...Although most home loans do not fall into this category, subprime mortgages proliferated in the early part of the 21st Century. About 21 percent of all mort gage originations from 2004 through 2006 were subprime, up from 9 percent from 1996 through 2004, says John Lonski, chief economist for Moody's In vestors Service. Subprime mortgages totaled $600 billion in 2006, accounting for about one-fifth of the U.S. home loan market.
    Looks like the explosion of these sub-prime loans came about under the present conservative administration despite - which I already know you're going to say which already existed at 9% during the liberal reign of Clinton - which was preceded by 16 years of conservative leadership and the start of "trickle down economics"... as coined by the aforementioned party I had shown you the link to, not whomever you had erroneously pointed to.

    So with that said - and your nigh predictable "It all happened under Clinton" who actually had left a surplus on his way out, not two unfinished wars, more deaths than resolution and a war that honestly costs 10 billion per month where we're not going to ever recoup that cost... what's the real solution. Instead of finger pointing, or filibusters, seriously... let's see what the rest of the conservatives can come up with. Especially since it came from the conservative/outgoing administration.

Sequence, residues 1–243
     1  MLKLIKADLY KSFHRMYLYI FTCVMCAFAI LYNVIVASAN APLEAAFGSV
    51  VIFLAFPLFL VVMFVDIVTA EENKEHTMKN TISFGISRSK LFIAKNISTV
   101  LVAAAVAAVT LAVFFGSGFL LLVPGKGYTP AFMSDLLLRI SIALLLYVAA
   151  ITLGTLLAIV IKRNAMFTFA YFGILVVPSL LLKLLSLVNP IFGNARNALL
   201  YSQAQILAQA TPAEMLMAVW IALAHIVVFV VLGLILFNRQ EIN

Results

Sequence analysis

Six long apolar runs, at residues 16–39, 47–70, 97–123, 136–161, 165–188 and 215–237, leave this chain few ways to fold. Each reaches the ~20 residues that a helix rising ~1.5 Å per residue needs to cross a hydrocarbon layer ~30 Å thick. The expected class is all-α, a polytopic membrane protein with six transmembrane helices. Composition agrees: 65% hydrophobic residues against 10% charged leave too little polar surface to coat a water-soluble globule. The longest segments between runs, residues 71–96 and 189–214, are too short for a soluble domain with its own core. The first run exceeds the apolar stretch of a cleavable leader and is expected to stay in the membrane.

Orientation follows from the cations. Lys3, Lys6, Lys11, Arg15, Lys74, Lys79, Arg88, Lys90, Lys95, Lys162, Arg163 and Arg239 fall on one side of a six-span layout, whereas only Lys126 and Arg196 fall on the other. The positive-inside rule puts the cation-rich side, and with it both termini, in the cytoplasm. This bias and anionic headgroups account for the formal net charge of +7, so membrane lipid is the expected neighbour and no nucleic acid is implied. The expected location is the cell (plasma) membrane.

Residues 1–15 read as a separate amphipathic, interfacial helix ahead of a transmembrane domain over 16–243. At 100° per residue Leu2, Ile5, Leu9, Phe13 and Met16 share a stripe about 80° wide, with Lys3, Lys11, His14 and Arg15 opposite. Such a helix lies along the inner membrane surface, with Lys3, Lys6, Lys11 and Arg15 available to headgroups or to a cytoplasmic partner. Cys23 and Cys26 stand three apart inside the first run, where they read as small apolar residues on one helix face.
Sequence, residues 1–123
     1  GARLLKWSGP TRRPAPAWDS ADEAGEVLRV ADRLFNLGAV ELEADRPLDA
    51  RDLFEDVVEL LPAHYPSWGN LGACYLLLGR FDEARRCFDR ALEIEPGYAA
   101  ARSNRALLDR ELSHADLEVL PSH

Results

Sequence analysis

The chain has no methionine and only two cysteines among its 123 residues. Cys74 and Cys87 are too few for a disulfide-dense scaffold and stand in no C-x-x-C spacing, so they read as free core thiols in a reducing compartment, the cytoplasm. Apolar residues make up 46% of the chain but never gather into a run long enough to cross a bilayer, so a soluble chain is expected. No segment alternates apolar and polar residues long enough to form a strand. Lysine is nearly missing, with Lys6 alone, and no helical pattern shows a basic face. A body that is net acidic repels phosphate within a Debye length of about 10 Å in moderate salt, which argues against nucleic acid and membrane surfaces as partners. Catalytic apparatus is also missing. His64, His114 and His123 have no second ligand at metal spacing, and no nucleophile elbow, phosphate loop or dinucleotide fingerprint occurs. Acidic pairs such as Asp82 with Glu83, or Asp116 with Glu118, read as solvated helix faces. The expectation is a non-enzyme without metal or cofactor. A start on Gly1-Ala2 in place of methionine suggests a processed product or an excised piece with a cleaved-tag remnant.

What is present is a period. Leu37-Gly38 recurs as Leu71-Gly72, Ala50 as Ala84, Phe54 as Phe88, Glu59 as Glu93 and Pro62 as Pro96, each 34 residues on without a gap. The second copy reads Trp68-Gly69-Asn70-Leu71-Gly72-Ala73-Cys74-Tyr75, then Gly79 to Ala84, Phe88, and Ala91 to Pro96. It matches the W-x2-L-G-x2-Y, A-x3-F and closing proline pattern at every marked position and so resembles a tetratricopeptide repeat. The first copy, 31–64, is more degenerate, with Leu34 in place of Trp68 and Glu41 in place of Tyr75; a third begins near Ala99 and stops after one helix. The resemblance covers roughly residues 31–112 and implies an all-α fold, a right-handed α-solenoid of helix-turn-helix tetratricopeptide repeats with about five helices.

Today's downturn almost hits right at my damn near mantra - Oh sorry, did I break your concentration with an expletive? I'll allow you to retort in a bit - of an expected 33-40% "correction".

    It's not about downturns that has me laughing. It's really how chaotic things will become - and how stupid I was to think otherwise. In simpler terms so you can follow... I saw some folly coming, but not this.

    The problem is bigger than just one sector of the market faltering. It seems we're about to see even more things "go wrong". Lord knows I want to be dead wrong.

    And per usual, I'll preface things with "I'll more than likely be very wrong any way."

    Look ma, no more expletives. Yee-haw.

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  8. #148
    pablo cruisin' hanratty21's Avatar
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    Quote Originally Posted by gerbick
    And no quotes from Fox News, O'Reilly, Wikipedia or others...
    What about quotes from Ralph, but attributed to the wrong person?
    Quote Originally Posted by Nancy Pelosi
    And, when the doctor said I didn't have worms any more, that was the happiest day of my life
    Quote Originally Posted by Henry Paulson
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  9. #149
    supervillain gerbick's Avatar
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    ooh, ooh. Bernanke next!